Wednesday, August 12, 2009

Proposal for the 28th Amendment

Two stories worthy of note:

Many Americans are aptly frustrated with their representative government, and for many reasons. The largest spending bill in United States history was passed in early 2009 with few members of Congress reading it. Presently we have massive health care legislation before Congress, and it appears this will be no different. It seems fairly non-partisan to ask: how can Congress do its job responsibly if its members won't read the bills?

If one knew only what was reported in main stream news stories one is likely to think anyone who opposes the health care bill is extremist and racist. But in reading for oneself the bills before Congress a different opinion may arise. Aside from the legislation itself, the game of politics is known around the world to be one of deception and corruption. While Republicans and critics of all political stripes are accused of lying and exaggerating elements of the health care legislation, it appears there is legitimate concern over the unwritten results of a government takeover of American health care:

The status quo of the day in Washington is to write massive legislation, rush it through Congress, and with selective attention to detail by Congress and journalists alike. The politics of personal destruction is used to attack those who disapprove of the government health care initiative coupled with lying and misrepresentations of the legislation, which is exactly what the critics of that legislation are accused of doing. And it turns out those critics actually do have good reason to oppose the legislation.

Returning to the issue of Congress' unwillingness to read its own legislation, we the people have seen too many examples of Congress willing to spend other people's money with little regard for accountability while selectively using the argument of accountability to attack their political opponents when expedient. We heard many complaints about deficit spending during George W. Bush's presidency and now a bill encompassing $1 trillion in borrowed money meets with little resistance from those same critics. Unruly and manufactured protests were common and lauded during the Bush years (with much insistence such protests were genuine) and yet today any dissent from the Obama administration is treated with contempt and accusations of being politically manufactured, not merely by leftist journalists but also by members our government. Serious problems are found in the health care legislation currently before the Congress and have been exposed, yet are largely ignored by its supporters. And now we hear dissent from the government is un-American.

In light of these grievances we the people of the United States therefore propose this amendment to the Constitution of the United States of America. If Congress is going to act like spoiled children they should be treated as such.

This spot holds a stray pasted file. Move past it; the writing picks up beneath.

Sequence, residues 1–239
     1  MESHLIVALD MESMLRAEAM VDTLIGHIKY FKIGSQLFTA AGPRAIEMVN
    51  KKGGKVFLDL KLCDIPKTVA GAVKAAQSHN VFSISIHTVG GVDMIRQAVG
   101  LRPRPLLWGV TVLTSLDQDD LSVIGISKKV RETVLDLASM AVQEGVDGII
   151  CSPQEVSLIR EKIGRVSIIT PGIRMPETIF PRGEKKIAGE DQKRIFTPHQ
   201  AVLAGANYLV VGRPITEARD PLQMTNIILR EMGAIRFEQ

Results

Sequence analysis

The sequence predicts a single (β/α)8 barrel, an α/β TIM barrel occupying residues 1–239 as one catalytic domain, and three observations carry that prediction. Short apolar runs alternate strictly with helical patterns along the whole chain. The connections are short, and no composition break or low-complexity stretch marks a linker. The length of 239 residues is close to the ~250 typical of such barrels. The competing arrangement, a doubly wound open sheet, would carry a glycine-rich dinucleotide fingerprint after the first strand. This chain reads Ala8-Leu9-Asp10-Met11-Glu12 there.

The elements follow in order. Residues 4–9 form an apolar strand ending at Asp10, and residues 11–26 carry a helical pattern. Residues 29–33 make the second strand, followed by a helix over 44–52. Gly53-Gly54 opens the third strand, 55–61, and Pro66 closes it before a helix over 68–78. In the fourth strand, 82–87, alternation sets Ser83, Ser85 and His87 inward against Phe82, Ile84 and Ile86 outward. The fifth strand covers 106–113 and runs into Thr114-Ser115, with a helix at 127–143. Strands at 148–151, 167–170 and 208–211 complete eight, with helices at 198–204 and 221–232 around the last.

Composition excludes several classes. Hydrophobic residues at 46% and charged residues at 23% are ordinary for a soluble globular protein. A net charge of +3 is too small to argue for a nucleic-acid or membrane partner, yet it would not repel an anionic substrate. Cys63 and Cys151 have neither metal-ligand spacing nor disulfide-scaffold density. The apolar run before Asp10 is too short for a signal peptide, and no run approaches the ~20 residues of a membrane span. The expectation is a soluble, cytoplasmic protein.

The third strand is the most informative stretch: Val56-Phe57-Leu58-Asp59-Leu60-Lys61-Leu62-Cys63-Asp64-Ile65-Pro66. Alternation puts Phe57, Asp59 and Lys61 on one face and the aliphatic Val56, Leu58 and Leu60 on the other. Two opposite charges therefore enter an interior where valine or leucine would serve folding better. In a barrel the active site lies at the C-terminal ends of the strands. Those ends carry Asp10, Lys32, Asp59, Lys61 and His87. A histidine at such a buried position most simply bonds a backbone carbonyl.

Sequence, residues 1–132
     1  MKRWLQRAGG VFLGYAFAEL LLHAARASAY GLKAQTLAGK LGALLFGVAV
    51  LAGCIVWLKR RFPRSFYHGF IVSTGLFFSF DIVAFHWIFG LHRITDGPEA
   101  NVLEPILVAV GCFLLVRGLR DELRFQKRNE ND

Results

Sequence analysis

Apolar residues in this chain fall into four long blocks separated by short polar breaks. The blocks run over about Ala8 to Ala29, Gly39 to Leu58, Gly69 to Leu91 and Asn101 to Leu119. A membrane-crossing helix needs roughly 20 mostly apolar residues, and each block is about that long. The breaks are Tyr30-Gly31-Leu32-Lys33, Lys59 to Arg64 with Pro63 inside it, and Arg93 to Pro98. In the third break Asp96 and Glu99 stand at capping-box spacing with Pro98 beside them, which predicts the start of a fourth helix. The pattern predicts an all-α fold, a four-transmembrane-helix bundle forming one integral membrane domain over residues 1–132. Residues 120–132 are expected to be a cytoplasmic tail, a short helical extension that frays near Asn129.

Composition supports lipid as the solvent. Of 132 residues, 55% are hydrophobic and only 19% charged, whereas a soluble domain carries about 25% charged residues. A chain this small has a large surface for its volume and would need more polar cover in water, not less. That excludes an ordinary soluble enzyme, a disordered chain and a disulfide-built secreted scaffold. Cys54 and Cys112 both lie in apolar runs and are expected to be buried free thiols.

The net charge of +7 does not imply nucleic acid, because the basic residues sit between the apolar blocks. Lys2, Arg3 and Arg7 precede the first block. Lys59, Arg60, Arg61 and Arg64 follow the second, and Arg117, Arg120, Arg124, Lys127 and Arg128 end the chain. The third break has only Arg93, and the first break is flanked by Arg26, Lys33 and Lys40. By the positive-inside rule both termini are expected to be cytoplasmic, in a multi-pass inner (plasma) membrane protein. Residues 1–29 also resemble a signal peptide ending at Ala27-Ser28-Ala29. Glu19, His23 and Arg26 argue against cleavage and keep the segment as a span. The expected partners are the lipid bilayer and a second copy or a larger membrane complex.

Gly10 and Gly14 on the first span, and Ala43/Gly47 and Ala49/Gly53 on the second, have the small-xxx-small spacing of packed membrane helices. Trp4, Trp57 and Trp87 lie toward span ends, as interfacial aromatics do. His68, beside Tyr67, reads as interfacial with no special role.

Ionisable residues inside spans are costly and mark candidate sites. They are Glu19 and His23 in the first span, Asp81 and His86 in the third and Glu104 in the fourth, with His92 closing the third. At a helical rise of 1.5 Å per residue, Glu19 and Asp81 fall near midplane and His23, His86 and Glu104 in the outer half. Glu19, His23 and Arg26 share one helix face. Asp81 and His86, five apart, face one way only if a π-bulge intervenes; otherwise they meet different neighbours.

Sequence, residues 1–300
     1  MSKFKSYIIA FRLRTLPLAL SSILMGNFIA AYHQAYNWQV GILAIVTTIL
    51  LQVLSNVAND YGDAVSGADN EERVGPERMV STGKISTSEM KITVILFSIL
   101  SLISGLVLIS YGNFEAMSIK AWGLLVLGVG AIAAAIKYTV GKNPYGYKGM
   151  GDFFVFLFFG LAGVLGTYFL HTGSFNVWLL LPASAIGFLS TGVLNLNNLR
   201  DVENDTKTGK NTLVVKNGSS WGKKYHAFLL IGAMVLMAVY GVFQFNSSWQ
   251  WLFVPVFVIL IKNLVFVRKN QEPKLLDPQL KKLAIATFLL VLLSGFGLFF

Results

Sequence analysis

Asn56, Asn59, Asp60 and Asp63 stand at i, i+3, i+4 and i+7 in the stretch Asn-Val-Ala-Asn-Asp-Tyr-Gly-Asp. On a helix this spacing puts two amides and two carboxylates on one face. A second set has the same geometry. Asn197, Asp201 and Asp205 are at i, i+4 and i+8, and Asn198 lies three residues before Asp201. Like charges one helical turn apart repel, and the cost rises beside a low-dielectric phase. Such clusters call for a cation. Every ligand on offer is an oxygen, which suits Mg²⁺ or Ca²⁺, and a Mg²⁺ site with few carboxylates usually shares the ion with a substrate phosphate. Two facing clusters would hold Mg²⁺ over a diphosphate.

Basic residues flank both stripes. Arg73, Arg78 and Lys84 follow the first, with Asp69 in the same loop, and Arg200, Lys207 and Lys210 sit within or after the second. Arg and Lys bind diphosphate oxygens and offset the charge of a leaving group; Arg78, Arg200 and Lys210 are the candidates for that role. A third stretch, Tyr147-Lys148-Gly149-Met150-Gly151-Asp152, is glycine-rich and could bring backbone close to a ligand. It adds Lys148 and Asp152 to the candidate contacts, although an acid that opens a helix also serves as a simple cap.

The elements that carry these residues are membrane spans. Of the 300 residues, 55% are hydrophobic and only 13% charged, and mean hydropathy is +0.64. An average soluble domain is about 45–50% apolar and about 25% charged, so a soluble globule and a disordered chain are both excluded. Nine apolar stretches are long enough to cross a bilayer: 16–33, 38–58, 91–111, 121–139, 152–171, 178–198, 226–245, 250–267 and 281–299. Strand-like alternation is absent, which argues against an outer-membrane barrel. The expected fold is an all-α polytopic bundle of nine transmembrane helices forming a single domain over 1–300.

Amendment XXVIII: amending Article 1, creating Section 11

1. All final legislation, before the final vote, shall be read aloud in its entirety in the main chamber to the House of Representatives on the same day of the vote; and likewise for the Senate. The reading shall be performed in person only by the Speaker of the House to the House of Representatives, and only by the Senate President Pro Tempore to the Senate.

2. The place, date and time of the legislation reading shall be publicly announced no earlier than 7 days before the day of the vote and shall not be changed once announced unless canceled, nor shall it commence before the appointed time. Any member of Congress not physically present in the appointed place during the entirety of the reading shall not vote on said legislation.


  1. Sad. I fear what our nation has become. I see many of the same patterns emerging that brought Nazi Germany. Sometime I wonder if there will be another war of the states. Needless to say there is a darkness covering our land.

  2. This sounds like the "Read The Bills Act" at Making Congress read the bills in entirety before a quorum would force them to slow down and pass legislation that is actually readable and understandable. And every member who intends to vote in the affirmative "must sign a sworn affidavit, under penalty of perjury, that he or she has attentively either personally read, or heard read, the complete bill to be voted on."

  3. I personally don't have much faith in an affidavit from a career politician affirming they've done anything. This 28th Amendment proposal assumes those officials won't change their poor habits but will instead require they be subjected to the end product of their "work" in its entirety. They are acting like children who refuse to do their chores, and so I think they should be treated as such. Plus, it's a lot easier to water down a "Read The Bills Act" over time than it is to dilute a constitutional amendment.